procreative love, which is divinely intended to animate the selfless love of husband and wife to want to have children. Unlike unitive love, which provides for their mutual affection for each other; procreative love makes them desire to cooperate with each other in bringing offspring into the world and caring for and educating their children in what the Church calls spiritual procreation.
Once married people believe this, they are called upon to practice nothing less than heroic charity to reproduce themselves. This reproduction is not only to procreate children in body for this world but reproduce themselves in spirit for reunion with their families in a heavenly eternity.
The publication by Pope Paul VI of the encyclical Humanae Vitae which forbids contraception as a grave sin. No single document in modern papal history has provoked more controversy and opposition than Humanae Vitae. In one country after another, Catholic bishops’ conferences met in solemn session to pass judgment on this papal teaching. Thank God, many of these conferences fully approved what the Vicar of Christ declared.
Let’s take a look at a couple of significant paragraphs of Humanae Vitae. “In conformity with these landmarks in the human and Christian view of marriage, we must again declare that the direct interruption of the generative process already begun and, above all, directly willed and procured abortion, even if for therapeutic reasons, are to be absolutely excluded as licit means of regulating birth.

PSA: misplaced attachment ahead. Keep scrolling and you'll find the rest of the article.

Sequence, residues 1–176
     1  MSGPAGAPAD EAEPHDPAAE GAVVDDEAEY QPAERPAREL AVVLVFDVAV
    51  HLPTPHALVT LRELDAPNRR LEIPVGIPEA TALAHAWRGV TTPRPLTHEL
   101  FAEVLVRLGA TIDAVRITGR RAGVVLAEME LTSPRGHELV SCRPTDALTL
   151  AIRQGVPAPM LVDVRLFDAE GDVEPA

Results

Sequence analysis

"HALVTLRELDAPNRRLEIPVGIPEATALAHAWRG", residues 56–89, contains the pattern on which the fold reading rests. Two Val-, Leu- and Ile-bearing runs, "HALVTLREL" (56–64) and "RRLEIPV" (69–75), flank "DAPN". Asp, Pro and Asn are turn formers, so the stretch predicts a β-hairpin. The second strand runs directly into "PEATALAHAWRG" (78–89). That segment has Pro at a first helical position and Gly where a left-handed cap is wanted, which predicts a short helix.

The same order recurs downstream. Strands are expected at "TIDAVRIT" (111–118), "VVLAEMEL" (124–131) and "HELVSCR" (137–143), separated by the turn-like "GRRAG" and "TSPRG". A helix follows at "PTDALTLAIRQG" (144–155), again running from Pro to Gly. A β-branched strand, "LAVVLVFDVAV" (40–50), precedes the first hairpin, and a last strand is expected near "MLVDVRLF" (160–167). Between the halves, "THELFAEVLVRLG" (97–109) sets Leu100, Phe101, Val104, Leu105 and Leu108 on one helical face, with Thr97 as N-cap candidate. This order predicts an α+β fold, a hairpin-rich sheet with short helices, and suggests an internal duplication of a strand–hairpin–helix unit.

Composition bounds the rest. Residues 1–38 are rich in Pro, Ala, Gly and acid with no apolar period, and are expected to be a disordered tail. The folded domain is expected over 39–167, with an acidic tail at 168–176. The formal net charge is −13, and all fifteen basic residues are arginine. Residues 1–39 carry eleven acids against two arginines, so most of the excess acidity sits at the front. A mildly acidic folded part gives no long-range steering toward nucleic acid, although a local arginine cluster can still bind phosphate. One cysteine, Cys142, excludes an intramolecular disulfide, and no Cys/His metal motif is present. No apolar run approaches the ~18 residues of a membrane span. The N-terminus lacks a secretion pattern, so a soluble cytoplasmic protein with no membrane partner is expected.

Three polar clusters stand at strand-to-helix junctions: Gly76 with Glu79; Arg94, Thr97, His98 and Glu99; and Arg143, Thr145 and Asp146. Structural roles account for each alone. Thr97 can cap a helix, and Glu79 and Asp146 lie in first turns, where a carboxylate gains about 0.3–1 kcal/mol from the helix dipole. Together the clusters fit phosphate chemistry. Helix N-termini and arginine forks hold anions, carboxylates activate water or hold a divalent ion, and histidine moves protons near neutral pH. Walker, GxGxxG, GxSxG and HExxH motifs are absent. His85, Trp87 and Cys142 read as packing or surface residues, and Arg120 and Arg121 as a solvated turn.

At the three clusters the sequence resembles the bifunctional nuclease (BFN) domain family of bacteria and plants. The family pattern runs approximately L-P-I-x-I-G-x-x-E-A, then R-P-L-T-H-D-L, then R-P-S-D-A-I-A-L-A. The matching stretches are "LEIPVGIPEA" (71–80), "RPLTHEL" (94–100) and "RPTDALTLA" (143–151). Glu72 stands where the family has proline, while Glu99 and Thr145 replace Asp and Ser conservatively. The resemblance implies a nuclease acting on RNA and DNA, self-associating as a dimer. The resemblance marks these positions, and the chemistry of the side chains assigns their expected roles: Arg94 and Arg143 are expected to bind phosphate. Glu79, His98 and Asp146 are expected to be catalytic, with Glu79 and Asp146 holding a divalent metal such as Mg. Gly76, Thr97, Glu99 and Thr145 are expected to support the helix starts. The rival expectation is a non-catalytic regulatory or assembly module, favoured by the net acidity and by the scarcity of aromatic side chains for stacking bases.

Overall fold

Equally to be excluded, as the teaching authority of the Church has frequently declared, is direct sterilization, whether permanent or temporary, whether of the man or of the woman. Similarly excluded is every action which, either in anticipation of the conjugal act, or in its accomplishment, or in the development of its natural consequences, proposes, whether as an end or as a means, to render procreation impossible.”
Every form of contraception is simply forbidden. Given the mind-set of so many members of the hierarchy, it is no wonder that millions of Catholics are deeply confused. “Whom are we to obey,” they ask themselves, “the bishops or the pope?” Pope Paul VI anticipated this dilemma of conscience. Shortly after Humanae Vitae, he said, “How many times we have trembled before the alternatives of an easy condescension to current opinions.” No wonder Paul VI never published another encyclical for the next ten years until his death in 1978.
To be continued....